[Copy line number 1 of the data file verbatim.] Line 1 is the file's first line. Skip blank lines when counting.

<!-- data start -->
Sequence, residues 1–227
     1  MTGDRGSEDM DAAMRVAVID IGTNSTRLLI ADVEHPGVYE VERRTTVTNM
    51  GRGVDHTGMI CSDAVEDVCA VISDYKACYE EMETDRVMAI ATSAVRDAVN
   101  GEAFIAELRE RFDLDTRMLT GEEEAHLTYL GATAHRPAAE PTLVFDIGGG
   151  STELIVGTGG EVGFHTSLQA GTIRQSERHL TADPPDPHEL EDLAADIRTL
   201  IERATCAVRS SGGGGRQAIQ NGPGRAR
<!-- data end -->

Sequence, residues 1–227